Whether you’re winding down the school year, in the midst of summer planning, or counting down to fall, I have a list of must-try summer projects I can’t wait to share with you! On this list you’ll find classroom activities for students and summer projects for teachers to explore. Since the Adobe Spark tools are Chromebook, iPad, iPhone, and web-browser friendly you might decided to try them out on your own smartphone, laptop or tablet, or a school-issued device.
This year I’ve shared some of my favorite ways to leverage the powerful Adobe Spark in your classroom. It’s a fantastic tool for student movie-makers, teachers using Google Classroom, and so much more (like this virtual exit slip tip!). If you haven’t tried Adobe Spark before, here’s a quick rundown: Spark Post is perfect for making graphics, Spark Video lets students make their own movies, and Spark Page is a powerful and easy tool for creating a website. Click here to access all three free tools and to find the links to download the iOS apps for iPad and iPhone.
7 Must-Try Summer Projects with Adobe Spark
Share a Tip
Spark Post is an awesome graphic design tool. You can create your own meme, share a tip from a summer conference or an idea you have for next year. Imagine you’re at an EdCamp, reading a blog post or catching up with a fellow educator over a cup of coffee. Capture your takeaway by summing it up in one sentence and create a Spark Post to tweet, post on Facebook or save for later. Here’s one example and here’s another example.
Whether you are on your smartphone or sitting in front of a computer, Spark Video is a fantastic, super easy-to-use tool for making movies. Creating an About Me video is perfect for back-to-school. You can share it with students or parents – even try posting it on your Google Classroom “About” page. This is a great chance to practice using the graphic organizers I created for Spark Video too!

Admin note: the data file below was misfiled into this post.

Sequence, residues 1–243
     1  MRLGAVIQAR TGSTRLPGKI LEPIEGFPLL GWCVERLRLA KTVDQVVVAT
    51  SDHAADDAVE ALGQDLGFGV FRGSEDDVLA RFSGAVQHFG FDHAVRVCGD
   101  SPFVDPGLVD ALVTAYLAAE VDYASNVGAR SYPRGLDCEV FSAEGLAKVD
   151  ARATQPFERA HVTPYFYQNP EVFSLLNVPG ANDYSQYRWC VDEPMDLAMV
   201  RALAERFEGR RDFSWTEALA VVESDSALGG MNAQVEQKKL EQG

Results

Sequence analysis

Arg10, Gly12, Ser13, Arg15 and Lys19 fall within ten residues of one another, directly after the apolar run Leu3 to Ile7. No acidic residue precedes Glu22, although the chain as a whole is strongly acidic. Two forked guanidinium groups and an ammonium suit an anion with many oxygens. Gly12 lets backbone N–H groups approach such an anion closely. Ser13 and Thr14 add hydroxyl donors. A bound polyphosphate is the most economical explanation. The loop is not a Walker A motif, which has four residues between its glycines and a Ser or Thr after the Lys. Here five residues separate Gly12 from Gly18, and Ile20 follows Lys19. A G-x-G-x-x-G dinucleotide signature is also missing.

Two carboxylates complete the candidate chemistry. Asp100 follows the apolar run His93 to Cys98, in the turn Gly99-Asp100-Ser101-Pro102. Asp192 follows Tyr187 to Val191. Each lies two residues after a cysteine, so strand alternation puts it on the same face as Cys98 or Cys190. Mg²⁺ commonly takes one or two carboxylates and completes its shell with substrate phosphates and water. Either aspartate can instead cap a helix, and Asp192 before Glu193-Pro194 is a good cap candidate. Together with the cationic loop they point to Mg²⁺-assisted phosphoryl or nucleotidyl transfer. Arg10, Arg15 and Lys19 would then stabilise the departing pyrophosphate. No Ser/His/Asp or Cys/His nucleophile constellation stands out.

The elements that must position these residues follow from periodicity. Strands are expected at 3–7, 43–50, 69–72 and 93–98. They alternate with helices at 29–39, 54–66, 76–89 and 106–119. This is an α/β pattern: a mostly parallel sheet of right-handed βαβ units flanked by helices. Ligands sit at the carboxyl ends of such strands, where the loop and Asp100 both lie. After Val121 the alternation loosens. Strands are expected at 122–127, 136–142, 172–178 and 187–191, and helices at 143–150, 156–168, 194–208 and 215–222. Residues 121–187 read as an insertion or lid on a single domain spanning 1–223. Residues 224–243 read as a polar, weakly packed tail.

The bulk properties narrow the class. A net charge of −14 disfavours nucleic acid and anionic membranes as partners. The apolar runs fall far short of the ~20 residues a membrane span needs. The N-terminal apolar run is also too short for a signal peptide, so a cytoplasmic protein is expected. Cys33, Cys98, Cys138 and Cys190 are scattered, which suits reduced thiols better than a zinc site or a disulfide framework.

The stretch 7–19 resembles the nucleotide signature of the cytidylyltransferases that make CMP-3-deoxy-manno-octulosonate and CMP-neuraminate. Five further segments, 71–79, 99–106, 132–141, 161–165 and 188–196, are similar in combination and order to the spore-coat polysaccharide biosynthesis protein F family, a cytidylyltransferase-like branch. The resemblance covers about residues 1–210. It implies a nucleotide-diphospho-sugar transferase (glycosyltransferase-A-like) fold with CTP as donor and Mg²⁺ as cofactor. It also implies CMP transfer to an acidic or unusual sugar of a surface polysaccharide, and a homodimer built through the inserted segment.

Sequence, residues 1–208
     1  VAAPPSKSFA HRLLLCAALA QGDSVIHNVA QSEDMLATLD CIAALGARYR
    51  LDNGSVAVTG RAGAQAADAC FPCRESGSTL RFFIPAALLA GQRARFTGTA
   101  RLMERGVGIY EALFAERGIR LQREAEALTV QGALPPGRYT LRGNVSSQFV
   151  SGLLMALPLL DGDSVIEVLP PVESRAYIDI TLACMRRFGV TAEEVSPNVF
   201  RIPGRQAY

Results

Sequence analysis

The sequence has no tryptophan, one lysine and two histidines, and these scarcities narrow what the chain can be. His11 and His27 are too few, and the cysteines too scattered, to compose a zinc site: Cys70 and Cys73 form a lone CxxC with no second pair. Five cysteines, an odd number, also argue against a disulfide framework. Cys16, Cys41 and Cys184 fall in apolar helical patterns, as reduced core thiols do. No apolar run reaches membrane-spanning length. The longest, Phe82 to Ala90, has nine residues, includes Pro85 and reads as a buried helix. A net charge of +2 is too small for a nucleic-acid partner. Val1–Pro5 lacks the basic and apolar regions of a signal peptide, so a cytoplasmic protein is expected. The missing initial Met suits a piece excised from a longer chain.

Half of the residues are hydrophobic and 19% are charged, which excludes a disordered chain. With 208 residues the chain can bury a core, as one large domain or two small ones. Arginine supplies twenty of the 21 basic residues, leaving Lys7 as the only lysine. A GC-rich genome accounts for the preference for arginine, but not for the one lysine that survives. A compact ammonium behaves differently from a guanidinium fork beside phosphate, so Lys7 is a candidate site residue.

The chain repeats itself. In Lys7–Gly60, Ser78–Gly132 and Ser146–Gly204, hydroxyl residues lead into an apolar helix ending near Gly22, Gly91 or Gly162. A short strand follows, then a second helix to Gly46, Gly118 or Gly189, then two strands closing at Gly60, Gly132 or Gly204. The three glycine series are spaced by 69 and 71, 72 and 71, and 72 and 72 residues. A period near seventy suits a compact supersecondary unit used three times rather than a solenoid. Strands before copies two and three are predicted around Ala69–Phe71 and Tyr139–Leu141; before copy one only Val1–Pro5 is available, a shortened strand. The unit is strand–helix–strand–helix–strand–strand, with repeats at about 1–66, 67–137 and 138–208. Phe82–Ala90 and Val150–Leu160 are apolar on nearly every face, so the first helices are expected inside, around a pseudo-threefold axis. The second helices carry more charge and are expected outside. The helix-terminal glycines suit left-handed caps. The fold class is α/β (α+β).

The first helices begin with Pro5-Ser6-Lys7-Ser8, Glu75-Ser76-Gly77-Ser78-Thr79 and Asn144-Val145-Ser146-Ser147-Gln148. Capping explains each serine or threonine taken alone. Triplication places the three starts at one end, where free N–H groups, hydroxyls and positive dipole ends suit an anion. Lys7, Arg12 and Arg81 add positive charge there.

I’ve spent time this year working with teachers to help them create newsletters with Spark Page. This website creation tool lets you make your own website by combining different types of media like text, images, and links. Create a welcome page for families using this tool so they know what to expect the first few weeks of school.
Spark Page is also a great tool for creating a professional portfolio. You can snap pictures of artifacts from the school year like bulletin boards, unit plans, you name it. Spark Page makes it easy to upload your own photos (or search for others). When you finish compiling the resources you’ll have a page with a link you can share with anyone.
If you’ve seen me present this school year either at a conference, school visit or webinar you may have noticed that my slide decks are all “created with Spark Post.” I love how easy Spark Post is to use and I always use it for my slides. If you are putting together a presentation for back-to-school night to welcome students you’ll definitely want to check this out.
The first few weeks of school are often a time when we’re sharing lots of resources with students and families. Spark Page lets you add all of these links in one place so it’s a terrific choice for curating favorite back-to-school resources. Here’s some simple steps for getting started with Spark Page.
Reading a great book this summer? Did a sentence in a blog post resonate with you? Create a quote card with Spark Post. You can create a dozen of these quote cards and look back at them during the school year for inspiration.
Click here to access all three free Adobe Spark tools on the web and to find the links to download the iOS apps for iPad and iPhone.
cross posted at classtechtips.com
Monica Burns is a fifth grade teacher in a 1:1 iPad classroom. Visit her website at classtechtips.com for creative education technology tips and technology lesson plans aligned to the Common Core Standards.